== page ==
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Case: 1:17-cv-05394 Document #: 45 Filed: 01/23/18 Page 1 of 14 PageID #:1174



Plaintiffs, Case No. 17-cv-5394


KFC CORPORATION, Judge John Robert Blakey



This diversity case arises out of a dispute over a franchise agreement

between Defendant KFC Corporation and Plaintiff Afzal Lokhandwala, a KFC

franchisee. Plaintiff 1 alleges that Defendant breached their agreement by

unreasonably attempting to block him from telling customers that his KFC

franchises offer Halal chicken.

Plaintiff amended his complaint in August 2017. [23]. Defendant moved to

dismiss that complaint for failure to state a claim, [26], and then filed a

counterclaim seeking declaratory and injunctive relief and attorney’s fees, pursuant

to the franchise agreement, [30]. Plaintiff moved to dismiss the counterclaim for

failure to state a claim. [38]. For the reasons explained below, this Court grants

both motions to dismiss.

I. The Complaint’s Allegations

Plaintiff owns and operates eight KFC franchises in Illinois. [23] ¶ 1. He

1Lokhandwala’s KFC franchises appear on the docket as Plaintiffs, but this Court refers only to
“Plaintiff” in the opinion for easier reading, since Lokhandwala represents his franchises’ interests.

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opened his first franchise in 2002, at which point he entered into a franchise

agreement with Defendant. Id. ¶ 21. Plaintiff opened his second franchise in 2006

and his third in 2010 before expanding to eight total franchises in 2012. Id. ¶ 25.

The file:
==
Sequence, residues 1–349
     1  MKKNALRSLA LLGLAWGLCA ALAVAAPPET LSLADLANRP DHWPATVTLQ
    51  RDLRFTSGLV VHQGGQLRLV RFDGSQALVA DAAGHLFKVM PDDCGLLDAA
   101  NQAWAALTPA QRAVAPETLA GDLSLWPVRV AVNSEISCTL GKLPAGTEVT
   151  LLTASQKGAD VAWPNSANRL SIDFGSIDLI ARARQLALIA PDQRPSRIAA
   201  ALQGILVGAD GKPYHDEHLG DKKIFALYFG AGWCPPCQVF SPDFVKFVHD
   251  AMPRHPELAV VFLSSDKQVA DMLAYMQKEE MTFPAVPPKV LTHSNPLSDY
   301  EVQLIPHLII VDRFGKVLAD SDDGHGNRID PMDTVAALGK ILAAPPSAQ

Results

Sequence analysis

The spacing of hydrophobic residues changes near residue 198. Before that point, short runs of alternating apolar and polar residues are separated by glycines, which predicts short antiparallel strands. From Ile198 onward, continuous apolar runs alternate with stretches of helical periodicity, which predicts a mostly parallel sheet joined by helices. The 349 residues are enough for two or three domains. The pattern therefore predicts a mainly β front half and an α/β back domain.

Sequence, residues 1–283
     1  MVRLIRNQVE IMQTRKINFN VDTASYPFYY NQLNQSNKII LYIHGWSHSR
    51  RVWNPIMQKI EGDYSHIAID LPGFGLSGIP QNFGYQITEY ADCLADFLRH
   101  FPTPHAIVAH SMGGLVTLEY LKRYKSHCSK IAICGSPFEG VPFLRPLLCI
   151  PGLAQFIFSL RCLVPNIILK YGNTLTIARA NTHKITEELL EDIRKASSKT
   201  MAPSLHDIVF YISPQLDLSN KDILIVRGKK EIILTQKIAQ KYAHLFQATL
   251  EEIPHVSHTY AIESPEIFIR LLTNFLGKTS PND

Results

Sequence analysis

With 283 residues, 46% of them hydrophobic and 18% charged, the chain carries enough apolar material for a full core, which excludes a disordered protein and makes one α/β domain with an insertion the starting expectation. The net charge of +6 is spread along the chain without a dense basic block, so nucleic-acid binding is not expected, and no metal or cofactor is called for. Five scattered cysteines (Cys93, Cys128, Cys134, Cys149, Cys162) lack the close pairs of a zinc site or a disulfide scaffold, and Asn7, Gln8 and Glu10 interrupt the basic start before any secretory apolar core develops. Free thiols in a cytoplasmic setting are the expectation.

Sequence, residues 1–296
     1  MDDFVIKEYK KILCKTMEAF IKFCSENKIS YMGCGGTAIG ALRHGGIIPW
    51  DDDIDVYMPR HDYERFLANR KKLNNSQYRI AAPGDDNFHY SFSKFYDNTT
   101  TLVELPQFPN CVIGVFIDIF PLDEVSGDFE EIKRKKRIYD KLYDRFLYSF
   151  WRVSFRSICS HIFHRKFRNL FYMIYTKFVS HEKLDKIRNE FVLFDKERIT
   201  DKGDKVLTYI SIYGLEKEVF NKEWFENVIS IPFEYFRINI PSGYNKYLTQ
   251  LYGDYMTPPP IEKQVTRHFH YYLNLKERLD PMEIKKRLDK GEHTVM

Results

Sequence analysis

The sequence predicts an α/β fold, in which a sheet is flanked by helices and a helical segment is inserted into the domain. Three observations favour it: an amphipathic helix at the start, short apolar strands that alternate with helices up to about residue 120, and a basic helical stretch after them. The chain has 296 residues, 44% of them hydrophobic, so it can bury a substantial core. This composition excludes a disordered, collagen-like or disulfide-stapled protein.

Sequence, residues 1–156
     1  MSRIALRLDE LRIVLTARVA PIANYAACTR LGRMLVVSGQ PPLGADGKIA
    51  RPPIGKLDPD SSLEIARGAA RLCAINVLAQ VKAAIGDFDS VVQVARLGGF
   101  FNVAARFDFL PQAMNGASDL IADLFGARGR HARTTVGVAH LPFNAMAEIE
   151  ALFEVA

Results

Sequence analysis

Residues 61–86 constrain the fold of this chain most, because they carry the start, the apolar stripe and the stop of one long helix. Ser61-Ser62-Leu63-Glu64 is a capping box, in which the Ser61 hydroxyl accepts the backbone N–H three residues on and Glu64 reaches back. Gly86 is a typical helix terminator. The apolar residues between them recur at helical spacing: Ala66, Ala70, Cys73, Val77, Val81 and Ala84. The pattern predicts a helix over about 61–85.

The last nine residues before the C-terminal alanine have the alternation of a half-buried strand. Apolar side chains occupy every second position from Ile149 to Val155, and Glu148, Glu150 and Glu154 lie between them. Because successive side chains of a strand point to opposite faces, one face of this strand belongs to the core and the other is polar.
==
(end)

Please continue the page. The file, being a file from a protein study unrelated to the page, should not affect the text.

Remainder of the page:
Each franchise operates under an identical franchise agreement. Id. ¶ 9.

Plaintiff says he identified selling Halal chicken as a lucrative business

opportunity as early as 2002, when he opened his first franchise. Id. ¶ 19. “Halal”

refers to food prepared in accordance with Islamic laws and customs. Id. When

Plaintiff discussed selling Halal chicken in 2002, Defendant’s Franchise Director,

Ken Taft, promised Plaintiff that Defendant would approve him selling Halal

chicken. Id. ¶¶ 17, 20. Taft confirmed in a 2016 email to Plaintiff that “KFCC did

indeed approve the use of Halal chicken.” Id. ¶ 22.

Thus, with Defendant’s “full knowledge and approval,” Plaintiff started

marketing and selling Halal chicken in his original franchise after Taft helped him

find a Halal-certified (and KFC-approved) poultry processor. Id. ¶ 23. Plaintiff

says that several of Defendant’s executives “regularly” visited his first franchise and

knew that he sold Halal chicken. Id. ¶ 24. Selling Halal chicken proved quite

lucrative—so lucrative that Plaintiff selected the locations for the five franchises he

opened in 2012 because of their proximity to Muslim communities. Id. ¶¶ 25, 27.

From 2003 through early 2017, all of the chicken-on-the-bone (as distinct

from other chicken products, like chicken tenders) that Plaintiff’s stores sold came

from Halal-certified poultry processors that KFC approved. Id. ¶ 29. At present, 75

percent of Plaintiff’s chicken-on-the bone comes from Halal-certified processors. Id.

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Consistent with both Illinois law on Halal foods and Islamic rules, Plaintiff’s

franchises separate Halal and non-Halal products from each other and inform

customers that they sell both Halal and non-Halal products. Id. ¶ 115.

Plaintiff always bought his chicken-on-the-bone from processors that the

Islamic Society of Washington Area (ISWA) certified as Halal-compliant. Id. ¶¶ 34,

35. From 2003 through October 2016, multiple processors gave Plaintiff copies of

their annual ISWA certificates confirming their Halal certifications. Id. ¶ 36.

Plaintiff says that, from 2003 until late 2016 or early 2017, Defendant approved the

sale of Halal chicken in Plaintiff’s stores, helped him find Halal-certified processors

and distributors, and allowed him to obtain the annual ISWA certificates. Id. ¶ 41.

In late 2016 or early 2017, however, Defendant changed course and

demanded that Plaintiff stop marketing his products as Halal. Id. ¶ 49. Defendant